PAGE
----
Last week, I encouraged womankind to start screaming “fuck” a lot more. Now I’m turning my attention toward third-party bystanders.
Did you ever notice how, during all the chatter about the Steubenville rapes, the discussion focused on a narrow ideological conflict? It essentially boiled down to whether rape means force or lack of consent, because in 2013 we’re still having that debate, apparently. There was some moralizing about “football culture,” teenage drinking, and social media, but by-and-large, the question everybody was asking was either “Why was that girl so drunk?” or “Why didn’t those boys ever learn that you can’t have sex with an unconscious person?”
The most revealing part of the story is what nobody was talking about: Where the hell were all the other girls in Steubenville when this was happening? Why didn’t anybody immediately call the cops upon seeing photos of an unconscious girl being exploited by her classmates? For that matter, where were Rehtaeh Parsons’ friends, and why didn’t they immediately organize a school-wide boycott of the four suspects’ genitals?
The accusation of rape disrupts the intricate social ecosystem of a high school, one in which girls often believe that they must preserve both their own reputations and relationships with boys above all else… it’s hard to ignore the power of a culture that pushes [girls] to choose boys over each other and punish other girls to protect their own reputations.
My favorite second-wave blogger has posed the conundrum thusly:
It is the great tragedy of the women’s liberation movement that fully-realized feminist consciousness is too rarely achieved by women who are still young and fit enough to take on Dude Nation in a knife fight.
Two explanations come to mind. First, teenagers – girls and boys – are often unrepentant sociopaths who will do just about anything to gain status over one another, and this includes slut-shaming their peers. This isn’t entirely their fault; Americans have collectively agreed to put all children, ages 13-18, in a giant holding cell where noncompliance with the social hierarchy’s norms often goes severely punished.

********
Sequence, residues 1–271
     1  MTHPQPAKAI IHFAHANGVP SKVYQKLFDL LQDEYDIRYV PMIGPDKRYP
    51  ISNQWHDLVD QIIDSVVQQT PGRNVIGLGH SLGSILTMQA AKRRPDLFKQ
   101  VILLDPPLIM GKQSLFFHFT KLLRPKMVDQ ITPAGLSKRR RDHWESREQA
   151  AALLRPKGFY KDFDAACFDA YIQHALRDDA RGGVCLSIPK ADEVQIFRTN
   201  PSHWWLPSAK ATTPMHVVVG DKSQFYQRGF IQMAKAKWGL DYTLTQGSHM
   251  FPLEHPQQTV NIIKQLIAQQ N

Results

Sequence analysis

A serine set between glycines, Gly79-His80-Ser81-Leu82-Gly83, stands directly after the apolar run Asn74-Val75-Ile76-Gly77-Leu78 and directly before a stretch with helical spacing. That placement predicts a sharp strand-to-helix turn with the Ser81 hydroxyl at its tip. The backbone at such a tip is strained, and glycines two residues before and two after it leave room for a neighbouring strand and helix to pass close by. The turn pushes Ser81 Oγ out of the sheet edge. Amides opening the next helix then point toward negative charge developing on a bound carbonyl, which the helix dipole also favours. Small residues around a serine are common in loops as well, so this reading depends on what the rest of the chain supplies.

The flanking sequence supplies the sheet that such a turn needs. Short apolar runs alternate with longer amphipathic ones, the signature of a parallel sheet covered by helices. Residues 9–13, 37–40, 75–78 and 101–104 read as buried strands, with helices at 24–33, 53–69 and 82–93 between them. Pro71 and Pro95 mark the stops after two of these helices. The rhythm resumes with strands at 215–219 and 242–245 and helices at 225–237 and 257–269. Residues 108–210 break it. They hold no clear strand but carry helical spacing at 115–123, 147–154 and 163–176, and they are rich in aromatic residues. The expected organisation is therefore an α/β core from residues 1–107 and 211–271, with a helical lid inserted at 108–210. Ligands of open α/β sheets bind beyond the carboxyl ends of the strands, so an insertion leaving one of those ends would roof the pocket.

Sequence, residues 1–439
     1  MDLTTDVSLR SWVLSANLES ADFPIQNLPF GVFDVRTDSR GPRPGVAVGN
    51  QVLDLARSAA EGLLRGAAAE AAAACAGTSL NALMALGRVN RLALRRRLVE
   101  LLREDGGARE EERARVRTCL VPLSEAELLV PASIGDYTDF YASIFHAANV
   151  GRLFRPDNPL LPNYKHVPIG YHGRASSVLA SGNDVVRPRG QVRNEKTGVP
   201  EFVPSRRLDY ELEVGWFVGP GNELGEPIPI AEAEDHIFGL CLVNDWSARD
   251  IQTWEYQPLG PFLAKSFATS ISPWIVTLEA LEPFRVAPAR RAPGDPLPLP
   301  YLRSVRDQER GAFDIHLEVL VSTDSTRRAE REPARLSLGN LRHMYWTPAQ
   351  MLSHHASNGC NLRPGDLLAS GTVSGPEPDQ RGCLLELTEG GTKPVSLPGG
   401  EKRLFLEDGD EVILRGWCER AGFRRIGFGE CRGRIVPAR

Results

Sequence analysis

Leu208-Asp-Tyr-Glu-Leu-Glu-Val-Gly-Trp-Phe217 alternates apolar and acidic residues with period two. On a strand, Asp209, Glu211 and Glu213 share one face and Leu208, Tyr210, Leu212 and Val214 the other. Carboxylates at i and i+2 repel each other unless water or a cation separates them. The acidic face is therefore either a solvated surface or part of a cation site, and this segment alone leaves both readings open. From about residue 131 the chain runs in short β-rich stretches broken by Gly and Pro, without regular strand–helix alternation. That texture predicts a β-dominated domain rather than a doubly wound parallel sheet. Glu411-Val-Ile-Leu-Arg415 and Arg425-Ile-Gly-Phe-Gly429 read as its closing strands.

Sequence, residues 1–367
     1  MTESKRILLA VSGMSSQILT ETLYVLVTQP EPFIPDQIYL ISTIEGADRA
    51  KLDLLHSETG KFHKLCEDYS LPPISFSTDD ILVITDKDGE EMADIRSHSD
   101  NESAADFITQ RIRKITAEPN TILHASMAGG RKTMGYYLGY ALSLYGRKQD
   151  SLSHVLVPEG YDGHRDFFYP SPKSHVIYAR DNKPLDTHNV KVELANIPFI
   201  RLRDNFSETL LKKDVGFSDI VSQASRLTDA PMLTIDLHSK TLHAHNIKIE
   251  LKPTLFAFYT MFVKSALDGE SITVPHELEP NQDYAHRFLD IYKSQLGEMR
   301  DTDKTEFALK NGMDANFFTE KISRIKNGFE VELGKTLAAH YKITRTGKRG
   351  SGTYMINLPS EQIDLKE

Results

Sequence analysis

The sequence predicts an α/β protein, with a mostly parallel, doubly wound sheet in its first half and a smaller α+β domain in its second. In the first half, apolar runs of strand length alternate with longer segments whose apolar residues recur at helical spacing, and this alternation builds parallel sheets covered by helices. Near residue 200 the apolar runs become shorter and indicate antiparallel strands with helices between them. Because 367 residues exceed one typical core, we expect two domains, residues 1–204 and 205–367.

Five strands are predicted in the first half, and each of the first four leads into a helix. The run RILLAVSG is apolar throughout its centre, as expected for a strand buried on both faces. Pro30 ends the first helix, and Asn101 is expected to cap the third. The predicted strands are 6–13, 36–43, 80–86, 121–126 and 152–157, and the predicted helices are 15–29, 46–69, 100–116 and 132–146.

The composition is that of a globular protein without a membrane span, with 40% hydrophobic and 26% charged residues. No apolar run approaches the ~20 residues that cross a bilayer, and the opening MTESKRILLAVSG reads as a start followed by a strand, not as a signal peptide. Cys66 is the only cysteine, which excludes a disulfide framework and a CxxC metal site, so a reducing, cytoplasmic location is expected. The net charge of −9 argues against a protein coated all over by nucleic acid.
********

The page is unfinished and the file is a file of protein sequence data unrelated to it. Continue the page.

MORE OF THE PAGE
A second explanation is the Bystander Effect. Inaction in an emergency situation is a common human failure. We assume that somebody else will intervene, and when nobody else does, we conclude that it must not be a real emergency after all. This is a real phenomenon that affects women and men of all ages, and it’s a tough one to counteract. But here’s the bottom line: somebody needs to take control in a potentially bad situation, and if it’s not you, then it’s going to be the pair of Nantucket Reds who’s already dragging a half-concsious girl into the house party’s sex room (there’s always a sex room).
This goes back to the Not Giving A Shit mentality I wrote about last week. I’ve largely aged out of the raging house-party scene, so I’ll direct this to the college/under-25 set (women and men): act like a grown-ass adult, already. When you see somebody* being taken advantage of, say something. Is being called a “feminist cunt” or a “cockblocker” really that terrible? What are you, in high school?
A note to parents, as well: a young woman who grew up with self-esteem and Muay Thai lessons, or a young man whose parents taught him all about consent, doesn’t leave the nest and automatically gain the knowledge of what to do when they see a sexual assault happening, or about to happen, to somebody else. Do you want your daughter to be a complicit Mean Girl? Do you want your son to be this guy?
44% of rape victims are under age 18; 80% are under age 30. If young people are left to figure this stuff out on their own after graduation, or well into adulthood, or after they have their own children, or never, then it’s way too late.